reported back in October, that the Western Australian State
Government is to make major reforms to the number of local
governments in metropolitan Perth. The reforms were subject to a
legal challenge in the Supreme Court, which was heard on 25
The applicants, being the City of Subiaco, City of South Perth
and the Shire of Serpentine Jarrahdale (Councils)
challenged the process by which the Minister and the Local
Government Advisory Board sought to implement the amalgamations.
The Councils also sought an injunction, which would have prevented
the State Government from continuing with its reforms.
The application was dismissed by His Honour Chief Justice Wayne
Martin. His Honour found no evidence that the reform process,
undertaken by the Minister for Local Government and the Local
Government Advisory Board (LGAB), was conducted
The basis of the Councils' challenge focused on an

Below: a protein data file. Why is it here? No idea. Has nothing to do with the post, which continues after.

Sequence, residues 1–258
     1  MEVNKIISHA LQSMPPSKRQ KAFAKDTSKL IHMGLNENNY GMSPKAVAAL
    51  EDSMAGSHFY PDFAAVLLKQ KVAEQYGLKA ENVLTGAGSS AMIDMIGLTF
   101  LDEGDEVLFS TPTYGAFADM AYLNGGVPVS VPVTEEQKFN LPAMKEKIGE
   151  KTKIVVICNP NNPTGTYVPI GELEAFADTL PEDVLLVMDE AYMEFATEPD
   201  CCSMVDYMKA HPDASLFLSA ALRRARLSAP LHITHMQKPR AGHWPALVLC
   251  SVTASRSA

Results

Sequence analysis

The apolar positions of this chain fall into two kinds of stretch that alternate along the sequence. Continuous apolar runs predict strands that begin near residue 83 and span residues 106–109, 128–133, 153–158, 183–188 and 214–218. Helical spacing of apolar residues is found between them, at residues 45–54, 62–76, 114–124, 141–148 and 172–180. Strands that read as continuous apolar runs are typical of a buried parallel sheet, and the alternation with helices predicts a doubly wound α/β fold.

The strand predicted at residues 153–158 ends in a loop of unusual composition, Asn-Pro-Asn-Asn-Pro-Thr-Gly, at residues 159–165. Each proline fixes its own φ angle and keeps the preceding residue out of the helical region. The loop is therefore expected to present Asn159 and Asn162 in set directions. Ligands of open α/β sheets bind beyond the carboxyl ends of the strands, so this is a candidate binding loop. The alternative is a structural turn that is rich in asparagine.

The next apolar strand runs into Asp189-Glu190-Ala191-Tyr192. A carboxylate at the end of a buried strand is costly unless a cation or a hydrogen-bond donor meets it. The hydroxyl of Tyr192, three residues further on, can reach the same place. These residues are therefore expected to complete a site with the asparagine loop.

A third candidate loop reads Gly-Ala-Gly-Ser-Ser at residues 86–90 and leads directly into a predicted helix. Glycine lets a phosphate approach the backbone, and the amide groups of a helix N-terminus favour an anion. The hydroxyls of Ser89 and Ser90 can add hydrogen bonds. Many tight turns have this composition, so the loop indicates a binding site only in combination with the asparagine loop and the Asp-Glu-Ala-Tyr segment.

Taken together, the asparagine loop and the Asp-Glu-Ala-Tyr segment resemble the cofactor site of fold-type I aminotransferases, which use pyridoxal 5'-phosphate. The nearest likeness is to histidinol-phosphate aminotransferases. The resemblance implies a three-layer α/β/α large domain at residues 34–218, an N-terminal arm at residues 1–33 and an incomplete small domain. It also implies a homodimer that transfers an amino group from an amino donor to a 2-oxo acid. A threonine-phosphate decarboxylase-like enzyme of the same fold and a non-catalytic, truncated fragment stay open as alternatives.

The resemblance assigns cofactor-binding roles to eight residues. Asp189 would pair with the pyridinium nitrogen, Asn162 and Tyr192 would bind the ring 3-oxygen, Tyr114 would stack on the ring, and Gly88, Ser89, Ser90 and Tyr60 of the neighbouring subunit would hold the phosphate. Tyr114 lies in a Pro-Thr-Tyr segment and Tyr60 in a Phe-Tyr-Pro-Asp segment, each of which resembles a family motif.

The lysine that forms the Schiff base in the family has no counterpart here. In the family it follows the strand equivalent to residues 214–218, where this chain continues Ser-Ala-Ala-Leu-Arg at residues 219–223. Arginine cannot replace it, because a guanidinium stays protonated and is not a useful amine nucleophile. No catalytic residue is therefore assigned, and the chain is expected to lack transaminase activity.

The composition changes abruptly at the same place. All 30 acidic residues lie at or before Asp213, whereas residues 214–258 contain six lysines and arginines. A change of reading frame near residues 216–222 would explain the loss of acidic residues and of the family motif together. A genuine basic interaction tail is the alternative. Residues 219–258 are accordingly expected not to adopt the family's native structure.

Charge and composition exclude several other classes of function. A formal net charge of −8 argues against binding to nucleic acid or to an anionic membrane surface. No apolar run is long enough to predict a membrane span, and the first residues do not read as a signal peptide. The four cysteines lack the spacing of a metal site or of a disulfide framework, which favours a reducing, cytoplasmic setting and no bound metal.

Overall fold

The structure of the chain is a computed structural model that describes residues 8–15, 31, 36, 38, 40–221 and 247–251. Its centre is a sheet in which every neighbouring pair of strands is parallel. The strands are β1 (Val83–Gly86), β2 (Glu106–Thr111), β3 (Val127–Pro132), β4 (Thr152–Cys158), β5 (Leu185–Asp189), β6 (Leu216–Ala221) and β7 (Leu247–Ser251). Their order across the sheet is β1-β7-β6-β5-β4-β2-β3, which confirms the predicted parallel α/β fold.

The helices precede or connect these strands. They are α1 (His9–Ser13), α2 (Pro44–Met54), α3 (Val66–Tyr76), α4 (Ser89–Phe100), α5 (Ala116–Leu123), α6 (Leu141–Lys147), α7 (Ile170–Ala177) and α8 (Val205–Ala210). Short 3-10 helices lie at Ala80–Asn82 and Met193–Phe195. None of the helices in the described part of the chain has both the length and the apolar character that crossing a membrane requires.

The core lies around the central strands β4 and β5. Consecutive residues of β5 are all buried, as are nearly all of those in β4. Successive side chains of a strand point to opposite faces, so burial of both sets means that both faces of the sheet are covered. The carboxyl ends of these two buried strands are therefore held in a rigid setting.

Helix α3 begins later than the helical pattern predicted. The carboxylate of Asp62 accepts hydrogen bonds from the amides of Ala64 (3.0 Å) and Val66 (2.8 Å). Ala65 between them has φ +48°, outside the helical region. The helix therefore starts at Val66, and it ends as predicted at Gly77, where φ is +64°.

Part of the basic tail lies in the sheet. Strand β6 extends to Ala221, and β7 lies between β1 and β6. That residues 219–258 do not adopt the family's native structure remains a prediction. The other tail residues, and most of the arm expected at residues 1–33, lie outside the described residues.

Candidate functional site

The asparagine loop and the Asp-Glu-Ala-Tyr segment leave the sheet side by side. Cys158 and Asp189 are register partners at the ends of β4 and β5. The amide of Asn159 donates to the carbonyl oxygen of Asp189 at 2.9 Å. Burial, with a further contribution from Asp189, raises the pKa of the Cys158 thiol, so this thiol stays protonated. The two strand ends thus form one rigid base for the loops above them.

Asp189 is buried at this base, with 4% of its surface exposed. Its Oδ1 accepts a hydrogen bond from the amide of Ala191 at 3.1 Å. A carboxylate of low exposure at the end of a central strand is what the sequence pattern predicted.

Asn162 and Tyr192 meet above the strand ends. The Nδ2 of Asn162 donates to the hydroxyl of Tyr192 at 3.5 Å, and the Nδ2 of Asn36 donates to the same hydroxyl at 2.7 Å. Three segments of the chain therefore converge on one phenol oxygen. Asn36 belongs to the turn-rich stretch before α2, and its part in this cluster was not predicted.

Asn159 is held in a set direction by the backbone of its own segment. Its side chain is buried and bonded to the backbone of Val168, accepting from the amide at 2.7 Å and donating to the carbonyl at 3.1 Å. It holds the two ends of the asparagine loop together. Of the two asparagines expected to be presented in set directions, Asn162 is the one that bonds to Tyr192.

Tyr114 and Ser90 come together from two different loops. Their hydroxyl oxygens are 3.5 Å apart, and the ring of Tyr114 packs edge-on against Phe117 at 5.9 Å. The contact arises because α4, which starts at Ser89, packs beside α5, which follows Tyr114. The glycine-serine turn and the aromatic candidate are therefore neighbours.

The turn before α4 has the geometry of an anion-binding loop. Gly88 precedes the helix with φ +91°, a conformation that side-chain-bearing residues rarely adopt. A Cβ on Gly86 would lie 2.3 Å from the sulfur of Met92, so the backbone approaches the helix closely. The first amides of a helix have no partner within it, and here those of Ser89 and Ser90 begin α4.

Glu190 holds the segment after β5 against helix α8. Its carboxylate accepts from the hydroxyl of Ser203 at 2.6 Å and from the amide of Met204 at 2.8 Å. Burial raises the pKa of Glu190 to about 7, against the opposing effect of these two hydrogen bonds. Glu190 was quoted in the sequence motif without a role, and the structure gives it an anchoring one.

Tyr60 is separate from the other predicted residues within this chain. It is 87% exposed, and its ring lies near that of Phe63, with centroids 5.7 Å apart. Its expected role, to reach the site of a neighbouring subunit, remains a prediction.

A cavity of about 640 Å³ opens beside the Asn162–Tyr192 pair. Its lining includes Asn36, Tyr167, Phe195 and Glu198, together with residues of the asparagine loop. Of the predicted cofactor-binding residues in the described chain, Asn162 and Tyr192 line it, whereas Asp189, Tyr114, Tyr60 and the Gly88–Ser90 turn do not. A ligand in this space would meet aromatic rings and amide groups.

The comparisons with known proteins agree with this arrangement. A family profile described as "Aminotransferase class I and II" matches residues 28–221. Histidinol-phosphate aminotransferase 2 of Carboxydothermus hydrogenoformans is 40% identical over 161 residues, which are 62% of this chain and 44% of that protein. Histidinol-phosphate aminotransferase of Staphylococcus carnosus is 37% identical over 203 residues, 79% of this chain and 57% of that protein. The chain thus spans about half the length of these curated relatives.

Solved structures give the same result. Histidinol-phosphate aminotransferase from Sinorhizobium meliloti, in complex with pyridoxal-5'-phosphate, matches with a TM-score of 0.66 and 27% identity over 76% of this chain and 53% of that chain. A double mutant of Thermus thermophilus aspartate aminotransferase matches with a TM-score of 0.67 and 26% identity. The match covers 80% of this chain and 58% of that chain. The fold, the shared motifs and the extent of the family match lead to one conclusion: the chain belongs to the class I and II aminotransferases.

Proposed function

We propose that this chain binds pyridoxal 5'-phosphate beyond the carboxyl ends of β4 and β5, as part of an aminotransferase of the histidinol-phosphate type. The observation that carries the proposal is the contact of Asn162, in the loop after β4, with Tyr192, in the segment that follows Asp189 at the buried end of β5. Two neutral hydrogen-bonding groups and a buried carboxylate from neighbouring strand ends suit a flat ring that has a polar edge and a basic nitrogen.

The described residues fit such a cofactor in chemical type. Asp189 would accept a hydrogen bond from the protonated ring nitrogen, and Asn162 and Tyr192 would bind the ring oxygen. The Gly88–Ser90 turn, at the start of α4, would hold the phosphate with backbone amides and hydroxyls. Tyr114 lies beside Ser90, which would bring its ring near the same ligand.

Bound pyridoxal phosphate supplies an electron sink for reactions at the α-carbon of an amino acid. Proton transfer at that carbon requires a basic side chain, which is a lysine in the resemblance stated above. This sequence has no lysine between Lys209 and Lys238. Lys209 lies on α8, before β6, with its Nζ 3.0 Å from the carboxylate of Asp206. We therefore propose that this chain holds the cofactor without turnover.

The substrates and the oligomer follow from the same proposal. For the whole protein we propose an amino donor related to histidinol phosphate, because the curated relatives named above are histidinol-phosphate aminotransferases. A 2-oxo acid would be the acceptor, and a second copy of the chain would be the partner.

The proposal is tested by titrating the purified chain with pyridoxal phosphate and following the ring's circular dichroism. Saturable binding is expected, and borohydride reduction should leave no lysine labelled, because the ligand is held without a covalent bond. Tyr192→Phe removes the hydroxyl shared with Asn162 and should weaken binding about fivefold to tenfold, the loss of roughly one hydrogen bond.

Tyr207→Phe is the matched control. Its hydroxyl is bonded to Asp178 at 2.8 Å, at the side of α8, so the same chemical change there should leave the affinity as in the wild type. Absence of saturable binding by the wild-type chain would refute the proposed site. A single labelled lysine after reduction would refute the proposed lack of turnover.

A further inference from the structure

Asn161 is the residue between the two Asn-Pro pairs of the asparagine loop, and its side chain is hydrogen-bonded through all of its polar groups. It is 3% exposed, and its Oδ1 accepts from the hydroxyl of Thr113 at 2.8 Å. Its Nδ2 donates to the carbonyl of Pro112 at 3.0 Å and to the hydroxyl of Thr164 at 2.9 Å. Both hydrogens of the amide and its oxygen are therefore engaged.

allegation that there had been a denial of procedural fairness to
the Councils during the reform process. His Honour disagreed with
the Councils' position noting it was impossible to draw the
inference asserted by the Councils.
As a result of His Honour's findings, the application
Where to from here
The decision allows the State Government to continue with
progressing the reform process, however the legislative changes
associated with the reforms must still be passed by parliament. The
State Government has commented that it will introduce legislation
into Parliament in 2014, paving the way for the reform process to
occur in 2015.
A second period of reform will occur either in 2015 or 2016.
This will see the State Government introduce legislation to allow
for the City of Perth to amalgamate with the City of Vincent
together with recommended boundary changes to the City of Subiaco
and perhaps, the City of South Park under a City of Perth Act. It
is envisaged that the City of Perth Act will give the city special
powers as a capital city and incorporate a number of the
State's key assets within its boundaries. A number of western
suburbs councils, which currently have some of these assets within
their boundaries, will also merge as one.
Because of the high costs, royal commissions should only be convened to address issues of substantial public importance.
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